I mentioned in my last post what a busy month it had been in my kitchen. King-Man and I hosted a series of dinner parties--18 to 30 people at each. The invited guests were his university colleagues. We scheduled 4 parties, one a week for 4 weeks. Unfortunately, I got sick on the day of the last party and we had to cancel it at the last minute. So I cooked for 4 parties, but we only held 3 of them. Thankfully, I didn't have to handle invitations and RSVPs. King-Man's super assistant, Terry, took care of that for us. (Thanks, Terry!)
We had different guests at each party, so I was able to replicate the same menu at each. That made it possible for me to mass produce some of the food and do lots of advance preparation and freezing. I learned a lot after making the same recipes multiple times and was able to fine tune the preparation. Each party got easier. I guess this is what it feels like to be a caterer.
Along the way, I took photos of the new recipes I made for these parties. Those recipes are shared in separate posts (find the links below). But, today's post is to give you the big picture and share some tips for hosting a party like this.
Here were my goals:
I'm happy to say that I think we accomplished all of these goals. Our guests seemed to have a good time, and so did we. I was glad I could refer them to The Yummy Life, because I got many requests for recipes.
This is a long post. I want to share as much detail as possible, in case you'd like to throw a similar party. Please feel free to ask questions in the comments section, if I've left anything out that you'd like to know. Here goes.
The Main (& Only) Course
I set up a buffet with a variety of Mexican ingredients so guests could fill a tortilla bowl with whatever ingredients suited them. The result was something like this:
Tortilla bowls filled with typical taco ingredients could easily accommodate any diet restrictions of our guests. The tortilla bowls were easy to make, could be baked the day before, and were easy to serve since they didn't have to be warm. I've prepared similar buffets in the past where guests combined ingredients in warm soft tortillas, but those tortillas are harder to keep warm and fresh. These bowls were easier, and at the same time fun and different. (They taste good, too!)
Food Selection and Layout
I set up all of the food in our dining room and drinks in our kitchen. I rearranged the dining room for easier food access and better traffic flow. I put a long table against the wall where there were electric plugs to keep the chafing dishes warm. A small table in the center of the room was an easy place for guests to gather and snack. Desserts were on a sideboard at the end of the room (on the left--out of view in this photo). The food was arranged in a buffet line in a logical order for filling the tortilla bowls. Here's how the dining room looked:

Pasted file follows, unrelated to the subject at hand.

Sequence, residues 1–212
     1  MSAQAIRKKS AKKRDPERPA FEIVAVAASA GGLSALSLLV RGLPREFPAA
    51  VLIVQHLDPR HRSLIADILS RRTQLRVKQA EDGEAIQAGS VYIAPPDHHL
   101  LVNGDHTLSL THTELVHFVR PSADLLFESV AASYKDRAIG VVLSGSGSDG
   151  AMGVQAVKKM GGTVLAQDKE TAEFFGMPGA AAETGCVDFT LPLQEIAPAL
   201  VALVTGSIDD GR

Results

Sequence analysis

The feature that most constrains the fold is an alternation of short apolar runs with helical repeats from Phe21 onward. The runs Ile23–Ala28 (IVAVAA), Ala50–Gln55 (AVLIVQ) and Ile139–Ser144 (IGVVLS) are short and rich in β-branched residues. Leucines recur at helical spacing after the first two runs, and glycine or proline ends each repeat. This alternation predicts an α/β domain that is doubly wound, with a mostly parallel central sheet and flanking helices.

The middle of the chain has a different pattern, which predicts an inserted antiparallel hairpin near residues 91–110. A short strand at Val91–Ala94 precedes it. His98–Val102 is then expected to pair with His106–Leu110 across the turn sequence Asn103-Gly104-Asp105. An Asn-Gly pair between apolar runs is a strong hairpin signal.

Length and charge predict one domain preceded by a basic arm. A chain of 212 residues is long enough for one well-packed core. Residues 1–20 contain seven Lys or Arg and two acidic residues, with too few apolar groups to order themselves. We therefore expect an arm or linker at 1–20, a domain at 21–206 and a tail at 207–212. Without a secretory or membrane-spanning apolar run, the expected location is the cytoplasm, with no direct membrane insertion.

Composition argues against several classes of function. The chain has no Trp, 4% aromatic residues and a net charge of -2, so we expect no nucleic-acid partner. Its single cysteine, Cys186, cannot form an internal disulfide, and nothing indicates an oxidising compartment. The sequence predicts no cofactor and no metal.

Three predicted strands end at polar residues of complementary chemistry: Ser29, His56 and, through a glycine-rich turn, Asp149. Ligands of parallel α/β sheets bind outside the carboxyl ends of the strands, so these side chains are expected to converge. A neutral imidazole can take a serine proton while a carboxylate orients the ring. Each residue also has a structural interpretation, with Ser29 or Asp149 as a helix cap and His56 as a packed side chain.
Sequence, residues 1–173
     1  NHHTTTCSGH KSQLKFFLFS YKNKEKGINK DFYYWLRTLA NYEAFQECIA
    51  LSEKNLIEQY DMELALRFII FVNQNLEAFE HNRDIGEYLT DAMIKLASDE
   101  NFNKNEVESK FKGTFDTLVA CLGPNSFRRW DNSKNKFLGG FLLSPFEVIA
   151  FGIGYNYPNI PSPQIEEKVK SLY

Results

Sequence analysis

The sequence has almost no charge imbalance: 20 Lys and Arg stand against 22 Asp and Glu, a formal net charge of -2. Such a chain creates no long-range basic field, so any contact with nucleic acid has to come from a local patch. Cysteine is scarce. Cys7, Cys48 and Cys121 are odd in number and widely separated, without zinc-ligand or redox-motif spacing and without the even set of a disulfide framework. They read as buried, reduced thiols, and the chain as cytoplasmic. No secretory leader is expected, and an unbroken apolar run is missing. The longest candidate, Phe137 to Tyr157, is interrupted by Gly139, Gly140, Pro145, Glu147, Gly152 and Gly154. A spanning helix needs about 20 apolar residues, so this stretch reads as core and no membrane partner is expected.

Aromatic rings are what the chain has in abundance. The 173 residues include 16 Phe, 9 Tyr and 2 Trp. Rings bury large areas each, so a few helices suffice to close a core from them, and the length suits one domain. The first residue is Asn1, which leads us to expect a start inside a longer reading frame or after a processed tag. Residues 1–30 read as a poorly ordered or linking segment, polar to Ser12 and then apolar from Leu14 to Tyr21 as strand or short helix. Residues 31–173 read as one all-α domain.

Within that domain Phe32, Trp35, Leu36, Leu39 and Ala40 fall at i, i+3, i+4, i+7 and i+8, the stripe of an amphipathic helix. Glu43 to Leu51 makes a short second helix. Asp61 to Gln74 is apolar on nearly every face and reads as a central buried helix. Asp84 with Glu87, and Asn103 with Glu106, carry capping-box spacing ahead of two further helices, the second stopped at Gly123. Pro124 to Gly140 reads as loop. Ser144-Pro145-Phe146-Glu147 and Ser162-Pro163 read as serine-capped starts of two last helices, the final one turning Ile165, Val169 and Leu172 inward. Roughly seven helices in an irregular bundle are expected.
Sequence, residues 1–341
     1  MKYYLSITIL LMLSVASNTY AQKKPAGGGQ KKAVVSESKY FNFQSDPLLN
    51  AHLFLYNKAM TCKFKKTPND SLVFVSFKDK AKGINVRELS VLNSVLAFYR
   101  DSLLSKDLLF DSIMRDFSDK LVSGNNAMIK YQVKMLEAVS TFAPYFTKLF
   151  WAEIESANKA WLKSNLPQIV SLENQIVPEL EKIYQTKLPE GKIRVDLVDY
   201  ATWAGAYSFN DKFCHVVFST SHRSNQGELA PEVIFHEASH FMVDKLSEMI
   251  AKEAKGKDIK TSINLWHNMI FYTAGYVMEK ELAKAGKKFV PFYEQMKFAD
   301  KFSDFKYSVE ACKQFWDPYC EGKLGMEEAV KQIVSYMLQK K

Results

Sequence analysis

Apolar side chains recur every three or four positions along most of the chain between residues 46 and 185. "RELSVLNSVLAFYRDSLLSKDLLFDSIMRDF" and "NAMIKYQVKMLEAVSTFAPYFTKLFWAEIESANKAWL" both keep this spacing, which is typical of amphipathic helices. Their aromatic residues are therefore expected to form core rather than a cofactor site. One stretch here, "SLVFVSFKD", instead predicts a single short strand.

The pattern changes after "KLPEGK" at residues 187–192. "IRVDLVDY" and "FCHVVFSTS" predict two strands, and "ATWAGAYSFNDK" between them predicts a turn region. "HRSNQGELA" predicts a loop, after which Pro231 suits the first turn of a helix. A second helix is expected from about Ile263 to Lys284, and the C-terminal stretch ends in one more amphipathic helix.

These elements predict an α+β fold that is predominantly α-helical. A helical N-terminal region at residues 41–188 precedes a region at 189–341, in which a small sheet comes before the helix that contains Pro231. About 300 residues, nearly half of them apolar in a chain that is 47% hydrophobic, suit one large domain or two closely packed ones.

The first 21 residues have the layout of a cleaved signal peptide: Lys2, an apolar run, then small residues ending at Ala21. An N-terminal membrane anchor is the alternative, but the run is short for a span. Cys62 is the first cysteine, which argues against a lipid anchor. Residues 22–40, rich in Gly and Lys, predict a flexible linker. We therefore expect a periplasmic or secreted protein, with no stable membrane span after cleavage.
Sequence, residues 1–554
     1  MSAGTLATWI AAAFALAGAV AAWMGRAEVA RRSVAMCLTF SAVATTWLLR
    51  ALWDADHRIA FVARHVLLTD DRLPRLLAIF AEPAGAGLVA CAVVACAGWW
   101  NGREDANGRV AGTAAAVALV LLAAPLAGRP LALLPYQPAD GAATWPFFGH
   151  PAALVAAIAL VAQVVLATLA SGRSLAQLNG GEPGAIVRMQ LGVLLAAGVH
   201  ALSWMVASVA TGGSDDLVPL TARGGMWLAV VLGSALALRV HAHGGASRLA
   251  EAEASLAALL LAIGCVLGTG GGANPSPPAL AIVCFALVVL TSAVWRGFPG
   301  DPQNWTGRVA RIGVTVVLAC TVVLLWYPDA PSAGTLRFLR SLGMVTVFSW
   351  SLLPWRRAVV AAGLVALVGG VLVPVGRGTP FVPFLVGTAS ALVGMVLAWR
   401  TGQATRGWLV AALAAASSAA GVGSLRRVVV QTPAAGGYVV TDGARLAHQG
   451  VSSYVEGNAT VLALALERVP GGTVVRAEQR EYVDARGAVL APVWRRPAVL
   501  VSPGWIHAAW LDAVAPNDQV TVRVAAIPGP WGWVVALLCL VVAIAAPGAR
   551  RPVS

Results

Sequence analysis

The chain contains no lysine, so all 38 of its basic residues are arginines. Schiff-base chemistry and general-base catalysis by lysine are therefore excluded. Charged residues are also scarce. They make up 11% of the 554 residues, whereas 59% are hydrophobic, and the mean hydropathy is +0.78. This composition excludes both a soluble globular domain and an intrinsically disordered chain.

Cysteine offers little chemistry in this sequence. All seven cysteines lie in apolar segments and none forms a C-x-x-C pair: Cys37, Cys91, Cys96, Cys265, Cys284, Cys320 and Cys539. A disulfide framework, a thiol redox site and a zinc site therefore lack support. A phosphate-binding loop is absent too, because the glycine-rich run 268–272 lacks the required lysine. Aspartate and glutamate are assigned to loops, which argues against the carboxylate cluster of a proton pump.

Key to photo above:
**recipe available on The Yummy Life; find the links below with photos of the specific recipes.
Here's a closer view. I put the plates next to the tortilla bowls at the beginning of the buffet line.
The rice was the first option to add to the tortilla bowl, then 3 meat choices, and then vegetarian chili beans.
The cheese and lettuce were at the end of the buffet table.
In the center of the room, there was a choice of salsas and toppings for the tortilla bowls. These all could also be eaten with the tortilla chips in the basket.
Here are the four desserts I prepared. I didn't make traditional Mexican desserts. Instead, I made desserts with a nod to Mexico by adding flavors of chiles, Kahlua, and Dulce de Leche. Pumpkin bars and pepita brittle doubled as seasonal fall desserts, along with their Mexican twist. The brownie bites were necessary, because there must be a chocolate option. MUST.
Key to desserts above:
16. Spiced Nuts with Ancho Chile, Lime & Rosemary**
17. Pumpkin Bars with Kahlua & Cream Frosting**
18. Dulce de Leche Brownie Bites**
19. Chipotle Pepita (Pumpkin Seed) Brittle**
**recipe available on The Yummy Life; find the links below with photos of the specific recipes.
We set up drinks in our kitchen. I was going to take pictures of the room at our final party, and then it got cancelled when I got sick. Sorry. Only 2 photos of beverages. Here's what we served for drink options.
4. Sparkling Margarita Sangria Party Cocktails -- A big batch to mix up in a punch bowl. Also a new favorite. Yum! Easy and make-ahead. It lasts for days. It turned out to be good cold medicine--just look at all that vitamin C in the citrus! Really, really good cure for a cold. It made me feel better anyway...for whatever reason...
Links to recipes (click on the photo to get there)
Make Ahead Tips
One of the great things about this menu is that almost everything can be made ahead. That makes the day of the party so much more relaxed.
These items were made at least a week ahead:
view on Amazon: FoodSaver vacuum sealer